Lethal Masterpiece

Alternating narrators. Rated M.

We follow Alison Havens as she enters the Cabinet of Peculiar Art: home to the most grotesque of creations, and also currently housing a psychopath. Subsequently Alison has been taken into custody a month later and Commissioner Michael Fox is trying to connect the puzzle pieces in the aftermath of her abduction, while her 4-year-old son remains missing.

A/N: I suck at summaries.

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6. Respite

Chapter VI: Respite

 

During the evening that followed Fox was very thoughtful. Even after he left the station and arrived at his home. Telly had been understanding enough to prepare a quick meal, and had seated herself in front of him at the kitchen table while he ate. She had that look on her face, like she was expecting him to spontaneously combust right before her eyes at any minute.  

 

"Michael?" 

 

"Hm?"

 

His eyes flickered to her face. But his thoughts were many that evening, and he hardly noticed the beautiful creature in front of him. He did not really taste the dish either, just ate in silence. He thought of going straight to bed and getting back to work in the morning. The case wasn't solving itself, and he felt utterly useless sitting around at home. And with Mannis Rose still on the loose, nobody in Gravestry was safe. Fox had dealt with the guy before, through various means of communication like phones; e-mails; hidden messages; as well as face-to-face. Years back Rose succeeded in killing a total of fourteen people, before Fox finally managed to hunt him down and catch the bastard himself down in the old sewer system. But it hadn't been with ease. Fox had been shot in the leg, and was still limping just the slightest. There was no way he was ever going to stop working just because of a minor injury. He could still run if he had to.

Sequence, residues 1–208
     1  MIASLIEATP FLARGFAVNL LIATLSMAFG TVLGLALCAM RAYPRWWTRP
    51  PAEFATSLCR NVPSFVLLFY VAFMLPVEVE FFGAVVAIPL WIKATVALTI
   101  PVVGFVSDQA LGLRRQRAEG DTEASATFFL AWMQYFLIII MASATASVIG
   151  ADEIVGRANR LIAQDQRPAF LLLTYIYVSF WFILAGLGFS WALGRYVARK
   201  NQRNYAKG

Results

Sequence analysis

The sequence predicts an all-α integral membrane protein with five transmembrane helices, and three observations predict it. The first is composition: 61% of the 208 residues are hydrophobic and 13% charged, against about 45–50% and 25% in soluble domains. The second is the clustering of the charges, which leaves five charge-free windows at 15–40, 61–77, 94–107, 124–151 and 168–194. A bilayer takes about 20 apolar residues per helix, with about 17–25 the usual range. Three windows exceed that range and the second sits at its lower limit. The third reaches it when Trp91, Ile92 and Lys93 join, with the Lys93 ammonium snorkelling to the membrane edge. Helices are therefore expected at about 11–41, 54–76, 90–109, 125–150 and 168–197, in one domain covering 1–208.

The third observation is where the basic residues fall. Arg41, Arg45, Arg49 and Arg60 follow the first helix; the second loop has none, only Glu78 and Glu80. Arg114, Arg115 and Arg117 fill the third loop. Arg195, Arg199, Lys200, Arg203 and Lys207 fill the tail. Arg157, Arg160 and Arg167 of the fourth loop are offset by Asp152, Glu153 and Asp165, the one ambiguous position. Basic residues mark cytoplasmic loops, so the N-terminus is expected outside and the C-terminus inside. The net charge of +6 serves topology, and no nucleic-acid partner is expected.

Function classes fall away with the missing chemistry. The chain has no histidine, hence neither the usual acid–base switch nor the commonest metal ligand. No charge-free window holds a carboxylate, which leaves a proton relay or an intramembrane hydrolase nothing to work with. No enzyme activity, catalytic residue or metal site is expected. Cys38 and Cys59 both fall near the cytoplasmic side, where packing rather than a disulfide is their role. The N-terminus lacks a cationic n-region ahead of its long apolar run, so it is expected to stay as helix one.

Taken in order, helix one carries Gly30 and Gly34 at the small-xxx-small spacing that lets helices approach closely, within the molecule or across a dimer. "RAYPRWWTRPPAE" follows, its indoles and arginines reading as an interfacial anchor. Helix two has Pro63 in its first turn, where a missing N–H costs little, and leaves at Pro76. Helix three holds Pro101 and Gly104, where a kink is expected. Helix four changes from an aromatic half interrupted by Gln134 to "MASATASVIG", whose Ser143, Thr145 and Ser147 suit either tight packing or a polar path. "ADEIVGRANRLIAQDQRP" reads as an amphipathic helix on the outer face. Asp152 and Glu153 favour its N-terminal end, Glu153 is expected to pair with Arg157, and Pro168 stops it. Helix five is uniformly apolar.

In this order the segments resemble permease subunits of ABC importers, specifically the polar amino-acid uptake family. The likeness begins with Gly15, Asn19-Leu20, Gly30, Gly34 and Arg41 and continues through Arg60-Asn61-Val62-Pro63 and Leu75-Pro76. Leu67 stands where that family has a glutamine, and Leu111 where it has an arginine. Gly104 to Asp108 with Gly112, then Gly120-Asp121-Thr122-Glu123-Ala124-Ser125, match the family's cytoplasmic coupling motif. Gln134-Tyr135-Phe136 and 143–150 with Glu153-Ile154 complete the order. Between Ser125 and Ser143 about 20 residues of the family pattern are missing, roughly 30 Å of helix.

"Michael, you're miles away. Talk to me, please?"

 

Telly was the first woman that Fox had ever considered his true love, and by the looks of things she would remain the only one as well. They had been married for almost seventeen years now, and still, she never ceased to surprise him. Every now and then he would see a different side her, little things, whether it be a bad or good ones, but it just made him love her even more.

 

Fox finished eating and let Telly take his plate to the sink. He attempted a smile. "I'm sorry. This case is killing me."  

 

"Thanks, that's really comforting. What was I thinking, worrying about you when you've been coming home with fucking bells on lately." Telly only ever got sarcastic when she was annoyed with him. Fox sighed and took off his glasses.